When children display aggressive behavior, it can be both alarming and challenging for parents, teachers, and other caregivers. But children aren’t born aggressive; these behaviors come from a variety of external causes.
The good news is that even after children act aggressively, there are still ways to help them change their behavior and get back on track.
Read on to find out what causes aggression in children and what you can do to resolve it.
“A lot of aggression comes from children who feel out of control and disconnected from their feelings.” Dr. Gail Gross, family and child development expert.
What is Aggressive Behavior?
Acts of aggression are defined as forceful or hostile acts that are meant to frighten or dominate others. In children, these acts can take several forms, depending on the child’s age and environment.
Infants and toddlers show aggression by:
School-aged children show aggression by:
- being argumentative
- being generally disruptive
- displaying defiant behavior in school
What Causes It?
Dr. Gail Gross, Ph.D., Ed.D., M.Ed., a nationally recognized family and child development expert, says: “There are many reasons for aggressive behavior in children, some of which have to do with things that occur even before they’re born.”
She explains that if a mother is in an abusive situation or very stressed during her pregnancy, she may be producing more of the stress hormone, cortisol. This might affect her child’s behavior, even from birth.
Other factors that contribute to aggression in children are their family life, community, and cultural experiences. According to Dr. Gross, role modeling is a huge factor because children take their cues from their parents.
Children who are abused or raised by parents who have poor parenting styles are more likely to behave aggressively because they lack the model for appropriate behavior and coping skills.
For example, authoritarian parents often punish children for not following rules. The parent doesn’t feel that he has to openly communicate with his child, but instead shows the image of being in charge. As a result, the child often acts out and behaves poorly when away from the parent.
In addition, attachments that children form in early childhood to their parents are very important to their development. Neglect by parents during these critical years can cause changes in brain patterns, which can lead to behavioral problems later.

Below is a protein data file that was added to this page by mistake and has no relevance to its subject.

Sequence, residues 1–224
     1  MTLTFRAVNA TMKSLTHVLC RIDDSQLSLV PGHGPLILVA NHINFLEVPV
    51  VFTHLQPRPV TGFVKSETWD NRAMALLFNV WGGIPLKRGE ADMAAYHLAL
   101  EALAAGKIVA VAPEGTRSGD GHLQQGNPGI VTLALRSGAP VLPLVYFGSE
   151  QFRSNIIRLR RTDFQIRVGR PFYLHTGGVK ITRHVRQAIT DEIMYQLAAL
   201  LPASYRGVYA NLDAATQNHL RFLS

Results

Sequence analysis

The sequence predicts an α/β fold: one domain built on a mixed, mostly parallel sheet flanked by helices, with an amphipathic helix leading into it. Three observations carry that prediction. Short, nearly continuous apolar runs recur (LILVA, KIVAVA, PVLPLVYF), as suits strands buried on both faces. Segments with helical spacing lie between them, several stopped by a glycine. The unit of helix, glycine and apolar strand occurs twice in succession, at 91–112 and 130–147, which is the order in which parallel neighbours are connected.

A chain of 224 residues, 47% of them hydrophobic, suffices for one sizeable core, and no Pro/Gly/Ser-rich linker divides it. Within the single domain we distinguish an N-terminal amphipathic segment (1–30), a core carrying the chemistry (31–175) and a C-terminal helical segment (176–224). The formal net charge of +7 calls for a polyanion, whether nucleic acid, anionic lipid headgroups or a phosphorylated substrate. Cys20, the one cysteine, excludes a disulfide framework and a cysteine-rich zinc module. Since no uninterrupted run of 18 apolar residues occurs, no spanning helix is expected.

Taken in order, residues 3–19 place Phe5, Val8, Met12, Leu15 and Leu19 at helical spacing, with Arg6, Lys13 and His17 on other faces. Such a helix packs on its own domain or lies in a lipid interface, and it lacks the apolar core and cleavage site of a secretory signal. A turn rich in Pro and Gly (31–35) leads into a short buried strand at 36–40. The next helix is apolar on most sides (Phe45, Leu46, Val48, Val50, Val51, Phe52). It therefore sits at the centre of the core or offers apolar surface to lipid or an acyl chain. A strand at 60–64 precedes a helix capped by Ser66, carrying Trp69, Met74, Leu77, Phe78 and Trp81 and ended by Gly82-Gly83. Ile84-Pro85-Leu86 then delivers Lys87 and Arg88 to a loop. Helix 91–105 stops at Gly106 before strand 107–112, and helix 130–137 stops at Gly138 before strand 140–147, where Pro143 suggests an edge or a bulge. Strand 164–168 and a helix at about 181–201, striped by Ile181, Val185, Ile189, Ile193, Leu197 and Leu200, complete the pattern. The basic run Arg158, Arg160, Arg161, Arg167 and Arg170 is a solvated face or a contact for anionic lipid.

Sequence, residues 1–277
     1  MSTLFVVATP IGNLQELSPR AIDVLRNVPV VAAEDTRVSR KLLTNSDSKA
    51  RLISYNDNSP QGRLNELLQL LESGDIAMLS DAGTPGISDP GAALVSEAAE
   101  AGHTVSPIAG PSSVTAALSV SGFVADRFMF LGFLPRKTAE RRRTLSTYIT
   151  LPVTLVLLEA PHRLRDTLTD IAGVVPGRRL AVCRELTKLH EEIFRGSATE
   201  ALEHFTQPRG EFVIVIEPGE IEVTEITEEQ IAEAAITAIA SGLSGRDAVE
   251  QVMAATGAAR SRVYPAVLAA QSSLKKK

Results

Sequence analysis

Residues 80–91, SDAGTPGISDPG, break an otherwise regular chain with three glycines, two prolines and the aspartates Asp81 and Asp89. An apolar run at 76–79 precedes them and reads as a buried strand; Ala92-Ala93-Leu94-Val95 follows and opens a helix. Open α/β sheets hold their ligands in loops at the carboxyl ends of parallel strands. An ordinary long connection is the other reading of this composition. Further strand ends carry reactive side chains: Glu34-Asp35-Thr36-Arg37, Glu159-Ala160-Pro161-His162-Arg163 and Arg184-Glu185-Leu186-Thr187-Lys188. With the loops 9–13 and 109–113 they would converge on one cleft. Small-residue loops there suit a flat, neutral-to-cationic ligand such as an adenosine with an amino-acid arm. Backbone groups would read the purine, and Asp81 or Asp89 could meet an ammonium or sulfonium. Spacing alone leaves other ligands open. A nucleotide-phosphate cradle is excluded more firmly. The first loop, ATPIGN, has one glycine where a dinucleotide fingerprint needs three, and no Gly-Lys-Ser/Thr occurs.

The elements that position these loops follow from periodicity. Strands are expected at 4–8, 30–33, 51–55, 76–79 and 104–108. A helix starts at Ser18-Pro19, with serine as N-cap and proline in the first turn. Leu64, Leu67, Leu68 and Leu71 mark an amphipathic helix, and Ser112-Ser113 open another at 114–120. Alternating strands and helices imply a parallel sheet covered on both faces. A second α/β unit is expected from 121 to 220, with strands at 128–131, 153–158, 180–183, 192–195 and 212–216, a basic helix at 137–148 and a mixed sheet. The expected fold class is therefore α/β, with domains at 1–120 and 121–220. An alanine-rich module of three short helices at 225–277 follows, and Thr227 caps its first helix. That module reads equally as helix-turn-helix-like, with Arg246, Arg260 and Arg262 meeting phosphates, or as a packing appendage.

Children also learn from other adults and children in their community. If these examples are positive and nurturing, kids can benefit.
Community and cultural environments, like inner city neighborhoods where kids may witness violence regularly, can also contribute to aggressive behaviors. Research in the Journal of the Canadian Academy of Child and Adolescent Psychiatry shows that children living in “urban war zones” frequently lack proper adult role models and caregivers to teach self-control and self-regulation.
How Can It Be Diagnosed?
Dr. Gross recommends that parents start by making an appointment with their pediatrician. Talk to your child’s doctor about their behavior. The doctor might refer you to a neurologist to check for any abnormalities or signs of brain injury or trauma.
If there is no physical cause behind the aggression, the next step is an evaluation by a psychiatrist or other trained therapist. A professional can help determine what emotional and environmental factors are at work.
How Is It Treated?
“A lot of aggression comes from children who feel out of control and disconnected from their feelings. You want to resensitize them to who they are and how their behavior affects others. Teach your child how to step back and calm themselves,” Dr. Gross explains.
Treatment for childhood aggression generally involves creating a plan with a licensed therapist. You and your child will meet with the therapist, and will likely be given tools to use at home. This is an ongoing process that can be different for each child, so you’ll need to have patience.
Dr. Gross emphasizes using positive reinforcement and avoiding negative reinforcement, saying, “Reward nonaggressive behavior consistently.”
Here are some positive ways to help children redirect their behavior.
- Explain how you’re feeling and ask how your child is feeling.
- Monitor exposure to aggressive television shows.
- Model the behavior you want to see in your child.
- Use visuals, like a chart, to measure good behaviors.
- Talk to your child about issues in a neutral environment, like the kitchen, instead of in a bedroom where the child may feel attacked in their own space.
- Set limits, but avoid being too structured or too relaxed with rules.
- Avoid stressful situations. For example, if your child gets aggressive in certain settings, choose different activities.
- Tell your child what type of behavior you want to see before going into a new situation.
“Often when children act out aggressively, they don’t realize how their behavior affects others. You have to point it out to them. Be clear and tell them what you expect,” says Dr. Gross.
If childhood aggression is ignored and not treated properly, it can lead to issues in adulthood, including the development of mental illness. But with guidance from a mental health professional and consistent work at home, you can help your child recognize aggressive behaviors and learn to form healthier responses.